Ultrasonic Transducer driving by Chopper Based Transistor Circuit

By Youssef Edward
May 2, 2019


Driving transducers is an easy task if the basic principles are well understood. The basic idea is to build very fast switching circuit in the frequency range specified for the ultrasonic transducer.  It can be in the range of 22-50 KHZ, 100-300 KHZ, or 1MHZ to 3 MHZ.

The basic switching element is the transistor. A pulse generator is used to drive the transistor either directly or via a coupling technique. The pulse generator could be crystal based or a simple RC based generator. For this application, RC based oscillator is a poor idea. This is because the stability of the circuit will be low and the power of the ultrasonic transducer will vary with time. Crystal based oscillator is the best choice here.

There is two main techniques to generate clock. The first will be via PLL. The second is with the aid of PIC microcontrollers. PLL is little complicated and needs big explanation. The simplest one is to use PIC microcontroller so the clock pulses will be generated programmatically.

A simple code to generate clock pulses using 12F675 PIC microcontroller is as follow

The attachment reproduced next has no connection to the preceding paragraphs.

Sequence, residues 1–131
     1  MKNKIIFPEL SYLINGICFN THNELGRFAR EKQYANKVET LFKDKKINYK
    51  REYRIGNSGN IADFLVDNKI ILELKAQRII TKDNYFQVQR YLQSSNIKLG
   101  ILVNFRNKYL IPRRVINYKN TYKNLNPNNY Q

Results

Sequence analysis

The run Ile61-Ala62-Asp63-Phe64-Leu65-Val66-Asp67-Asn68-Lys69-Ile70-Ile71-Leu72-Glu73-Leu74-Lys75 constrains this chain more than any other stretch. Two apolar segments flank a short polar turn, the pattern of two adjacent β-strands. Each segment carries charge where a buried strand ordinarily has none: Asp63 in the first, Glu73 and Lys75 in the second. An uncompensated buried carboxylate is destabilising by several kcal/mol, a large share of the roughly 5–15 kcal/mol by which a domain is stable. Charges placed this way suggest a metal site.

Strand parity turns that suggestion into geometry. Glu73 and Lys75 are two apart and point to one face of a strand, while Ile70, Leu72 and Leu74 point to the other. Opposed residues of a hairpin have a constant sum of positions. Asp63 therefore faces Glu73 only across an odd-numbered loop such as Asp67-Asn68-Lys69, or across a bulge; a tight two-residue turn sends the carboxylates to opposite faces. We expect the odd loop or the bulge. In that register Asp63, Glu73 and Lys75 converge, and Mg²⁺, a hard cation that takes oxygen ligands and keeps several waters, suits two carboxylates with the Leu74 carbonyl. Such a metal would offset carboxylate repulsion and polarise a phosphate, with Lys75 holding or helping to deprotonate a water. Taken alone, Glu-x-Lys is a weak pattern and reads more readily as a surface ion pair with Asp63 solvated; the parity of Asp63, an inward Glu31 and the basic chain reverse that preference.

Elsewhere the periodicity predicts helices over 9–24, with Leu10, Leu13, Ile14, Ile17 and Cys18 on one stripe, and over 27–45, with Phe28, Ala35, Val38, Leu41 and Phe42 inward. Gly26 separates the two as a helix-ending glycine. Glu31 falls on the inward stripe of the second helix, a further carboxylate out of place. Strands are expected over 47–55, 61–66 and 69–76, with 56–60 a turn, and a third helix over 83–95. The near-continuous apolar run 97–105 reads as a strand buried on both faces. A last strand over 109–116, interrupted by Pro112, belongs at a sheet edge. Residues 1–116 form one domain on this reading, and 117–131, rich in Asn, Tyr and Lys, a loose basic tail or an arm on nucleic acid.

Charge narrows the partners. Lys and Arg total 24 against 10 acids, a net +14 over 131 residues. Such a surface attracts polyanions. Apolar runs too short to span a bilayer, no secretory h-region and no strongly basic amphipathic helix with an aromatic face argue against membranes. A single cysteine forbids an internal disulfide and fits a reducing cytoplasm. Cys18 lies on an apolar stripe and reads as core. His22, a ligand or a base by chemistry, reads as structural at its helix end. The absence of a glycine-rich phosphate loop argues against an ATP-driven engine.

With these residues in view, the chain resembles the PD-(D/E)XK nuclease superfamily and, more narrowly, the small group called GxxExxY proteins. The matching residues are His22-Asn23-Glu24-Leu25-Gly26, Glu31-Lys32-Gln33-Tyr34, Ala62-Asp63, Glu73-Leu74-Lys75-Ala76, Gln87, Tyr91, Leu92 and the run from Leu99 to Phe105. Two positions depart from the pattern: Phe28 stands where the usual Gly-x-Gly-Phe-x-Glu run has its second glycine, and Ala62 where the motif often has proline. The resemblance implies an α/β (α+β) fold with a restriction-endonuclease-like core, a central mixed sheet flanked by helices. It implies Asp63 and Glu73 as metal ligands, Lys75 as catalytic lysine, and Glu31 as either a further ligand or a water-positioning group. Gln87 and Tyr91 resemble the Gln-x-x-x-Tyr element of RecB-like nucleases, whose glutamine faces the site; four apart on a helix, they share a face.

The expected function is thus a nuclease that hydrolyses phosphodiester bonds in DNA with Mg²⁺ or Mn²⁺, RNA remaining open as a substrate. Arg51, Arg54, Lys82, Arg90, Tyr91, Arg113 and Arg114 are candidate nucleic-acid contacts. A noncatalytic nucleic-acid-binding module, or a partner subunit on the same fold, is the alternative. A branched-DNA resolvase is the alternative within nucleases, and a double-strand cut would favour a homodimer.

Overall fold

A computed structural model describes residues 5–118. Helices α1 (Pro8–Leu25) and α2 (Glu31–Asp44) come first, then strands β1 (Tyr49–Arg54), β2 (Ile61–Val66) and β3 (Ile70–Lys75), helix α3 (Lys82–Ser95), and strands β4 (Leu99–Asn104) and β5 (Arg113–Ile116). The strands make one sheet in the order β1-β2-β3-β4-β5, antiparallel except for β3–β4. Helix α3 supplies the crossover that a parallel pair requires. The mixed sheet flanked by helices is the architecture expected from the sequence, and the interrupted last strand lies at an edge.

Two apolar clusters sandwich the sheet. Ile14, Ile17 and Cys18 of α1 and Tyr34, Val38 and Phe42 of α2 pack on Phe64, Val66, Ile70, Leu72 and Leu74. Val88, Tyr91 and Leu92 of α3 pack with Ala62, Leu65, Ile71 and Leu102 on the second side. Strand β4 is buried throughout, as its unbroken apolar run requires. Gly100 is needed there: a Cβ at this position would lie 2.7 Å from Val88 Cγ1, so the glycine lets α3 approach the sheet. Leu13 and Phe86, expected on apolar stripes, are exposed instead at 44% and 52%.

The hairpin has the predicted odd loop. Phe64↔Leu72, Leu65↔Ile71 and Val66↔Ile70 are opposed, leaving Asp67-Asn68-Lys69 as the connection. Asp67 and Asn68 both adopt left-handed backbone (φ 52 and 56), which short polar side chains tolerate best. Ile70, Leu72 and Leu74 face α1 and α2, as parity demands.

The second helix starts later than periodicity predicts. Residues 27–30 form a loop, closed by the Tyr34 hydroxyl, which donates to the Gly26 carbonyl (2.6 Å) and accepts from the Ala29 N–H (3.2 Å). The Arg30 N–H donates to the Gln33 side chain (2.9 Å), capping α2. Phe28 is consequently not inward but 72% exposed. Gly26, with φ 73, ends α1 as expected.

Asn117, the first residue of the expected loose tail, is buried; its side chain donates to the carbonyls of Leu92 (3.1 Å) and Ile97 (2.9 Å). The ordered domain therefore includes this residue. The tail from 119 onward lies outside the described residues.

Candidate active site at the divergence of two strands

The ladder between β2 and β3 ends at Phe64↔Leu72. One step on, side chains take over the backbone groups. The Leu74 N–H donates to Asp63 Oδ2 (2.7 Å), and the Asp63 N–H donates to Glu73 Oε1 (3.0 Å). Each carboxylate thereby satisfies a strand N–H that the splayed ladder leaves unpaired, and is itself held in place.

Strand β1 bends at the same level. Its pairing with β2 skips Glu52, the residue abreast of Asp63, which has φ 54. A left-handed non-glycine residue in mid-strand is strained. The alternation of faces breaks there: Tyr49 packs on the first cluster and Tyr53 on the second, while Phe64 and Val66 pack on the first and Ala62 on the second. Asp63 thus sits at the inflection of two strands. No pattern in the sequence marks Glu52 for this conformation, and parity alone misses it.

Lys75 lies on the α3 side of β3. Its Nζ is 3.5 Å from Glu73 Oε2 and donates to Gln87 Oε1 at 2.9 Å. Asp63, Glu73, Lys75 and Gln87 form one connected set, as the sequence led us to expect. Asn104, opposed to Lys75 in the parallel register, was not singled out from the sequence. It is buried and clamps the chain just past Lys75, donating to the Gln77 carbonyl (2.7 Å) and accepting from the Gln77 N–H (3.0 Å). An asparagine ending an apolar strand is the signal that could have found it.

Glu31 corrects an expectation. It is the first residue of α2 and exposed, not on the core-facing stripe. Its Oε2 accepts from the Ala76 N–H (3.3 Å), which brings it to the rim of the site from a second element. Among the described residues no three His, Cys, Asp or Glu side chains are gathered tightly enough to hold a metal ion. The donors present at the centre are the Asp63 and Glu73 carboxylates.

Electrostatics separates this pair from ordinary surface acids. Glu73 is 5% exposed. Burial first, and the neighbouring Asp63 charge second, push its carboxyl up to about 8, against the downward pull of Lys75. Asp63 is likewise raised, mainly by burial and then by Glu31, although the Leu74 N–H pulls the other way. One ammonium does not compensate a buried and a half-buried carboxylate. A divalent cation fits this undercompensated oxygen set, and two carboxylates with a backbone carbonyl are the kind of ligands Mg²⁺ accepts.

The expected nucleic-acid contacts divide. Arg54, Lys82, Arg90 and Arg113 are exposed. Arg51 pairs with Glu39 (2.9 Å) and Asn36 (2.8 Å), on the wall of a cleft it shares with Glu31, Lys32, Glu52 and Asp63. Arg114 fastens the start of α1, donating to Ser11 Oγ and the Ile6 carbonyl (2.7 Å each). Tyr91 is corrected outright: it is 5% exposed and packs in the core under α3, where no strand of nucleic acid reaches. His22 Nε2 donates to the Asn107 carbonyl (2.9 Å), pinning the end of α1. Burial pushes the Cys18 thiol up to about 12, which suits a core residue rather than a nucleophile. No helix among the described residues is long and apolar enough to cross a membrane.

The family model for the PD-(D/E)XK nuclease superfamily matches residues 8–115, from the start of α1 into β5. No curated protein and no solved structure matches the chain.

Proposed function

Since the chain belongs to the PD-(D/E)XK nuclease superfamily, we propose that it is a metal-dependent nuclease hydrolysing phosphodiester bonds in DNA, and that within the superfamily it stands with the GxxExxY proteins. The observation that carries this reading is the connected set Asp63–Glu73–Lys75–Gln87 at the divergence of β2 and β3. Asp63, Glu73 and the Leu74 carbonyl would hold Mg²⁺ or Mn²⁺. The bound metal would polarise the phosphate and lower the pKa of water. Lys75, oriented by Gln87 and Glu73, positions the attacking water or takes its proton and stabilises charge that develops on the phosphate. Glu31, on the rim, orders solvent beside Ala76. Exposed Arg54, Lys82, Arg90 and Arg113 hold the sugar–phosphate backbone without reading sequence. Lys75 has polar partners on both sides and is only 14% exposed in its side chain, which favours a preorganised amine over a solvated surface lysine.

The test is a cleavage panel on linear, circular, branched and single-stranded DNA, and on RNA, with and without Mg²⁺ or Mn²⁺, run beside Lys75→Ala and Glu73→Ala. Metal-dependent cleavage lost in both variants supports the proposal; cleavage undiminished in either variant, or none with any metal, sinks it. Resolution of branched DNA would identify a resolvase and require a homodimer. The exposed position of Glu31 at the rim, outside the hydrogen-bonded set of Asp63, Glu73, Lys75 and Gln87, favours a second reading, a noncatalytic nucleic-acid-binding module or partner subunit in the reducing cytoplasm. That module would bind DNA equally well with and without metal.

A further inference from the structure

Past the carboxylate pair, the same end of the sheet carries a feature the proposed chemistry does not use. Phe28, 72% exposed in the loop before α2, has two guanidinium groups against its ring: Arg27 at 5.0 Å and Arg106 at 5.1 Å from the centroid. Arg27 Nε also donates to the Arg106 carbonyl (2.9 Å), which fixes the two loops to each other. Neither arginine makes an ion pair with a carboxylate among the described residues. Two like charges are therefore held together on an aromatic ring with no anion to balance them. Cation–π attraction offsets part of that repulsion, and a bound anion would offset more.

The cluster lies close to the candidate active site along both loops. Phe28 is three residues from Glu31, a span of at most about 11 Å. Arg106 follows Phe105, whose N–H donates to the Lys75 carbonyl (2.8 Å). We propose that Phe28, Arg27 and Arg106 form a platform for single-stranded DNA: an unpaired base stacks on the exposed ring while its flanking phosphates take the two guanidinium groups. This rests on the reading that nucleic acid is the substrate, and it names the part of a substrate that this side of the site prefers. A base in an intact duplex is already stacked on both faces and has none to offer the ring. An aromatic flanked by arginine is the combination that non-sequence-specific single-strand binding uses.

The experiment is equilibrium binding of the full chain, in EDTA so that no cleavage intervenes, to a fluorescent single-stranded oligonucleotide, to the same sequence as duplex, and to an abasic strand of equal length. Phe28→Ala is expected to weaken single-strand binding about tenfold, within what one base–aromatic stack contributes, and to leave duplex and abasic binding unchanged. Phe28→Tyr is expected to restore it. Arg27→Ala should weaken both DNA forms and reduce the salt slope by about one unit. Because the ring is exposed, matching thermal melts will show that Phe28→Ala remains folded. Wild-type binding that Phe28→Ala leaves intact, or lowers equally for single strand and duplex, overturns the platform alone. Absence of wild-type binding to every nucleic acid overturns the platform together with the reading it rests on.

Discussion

Void main()

{

Trisio.f5=0;//make the pin an output

 

Here:

Gpio.f5=1;

Asm :nop ;

Asm :nop ;

Gpio.f5=0;

Asm:nop;

Goto here;

 

}

 

If the crystal frequency in the above example is 20 MHZ, the resulting frequency will be 833 KHz. The high pulse will be 0.6 us, and the low pulse will be 0.6 us. The timing could be changed by varying the crystal and the code.

Once we have the clock pulses, it is ready to drive the switching element which could be BJT or MOSFET. Here we use MOSFET as shown below.

ultrasonic block diagram

The MOSFET driver is used to turn on the transistor and supply the needed current during turn on. The MOSFET, unlike the BJT withdraw huge current during turn on especially if the drain sinks very high current. If the microcontroller provides the clock pulses directly to the MOSFET, it will blow at least for the Pin used.

Between the drain and the power supply, there must be a chopping element to limit the current when the transistor is ON. The chopping element is made of coil as shown below:

ultrasonic circuit

When the oscillator outputs logic one, the driver will switch on the transistor. Then the current will rise in a ramp fashion until the driver switch off the transistor. If the ON time is high compared to the time constant of the circuit, high current will flow in the output circuit and the transistor will blow down.

The coil value is the key for the operation of the circuit. It must be chosen based on the frequency of the circuit and the power of the transducer. If the L is too high, lower current will flow in the transistor and the transducer for the same frequency

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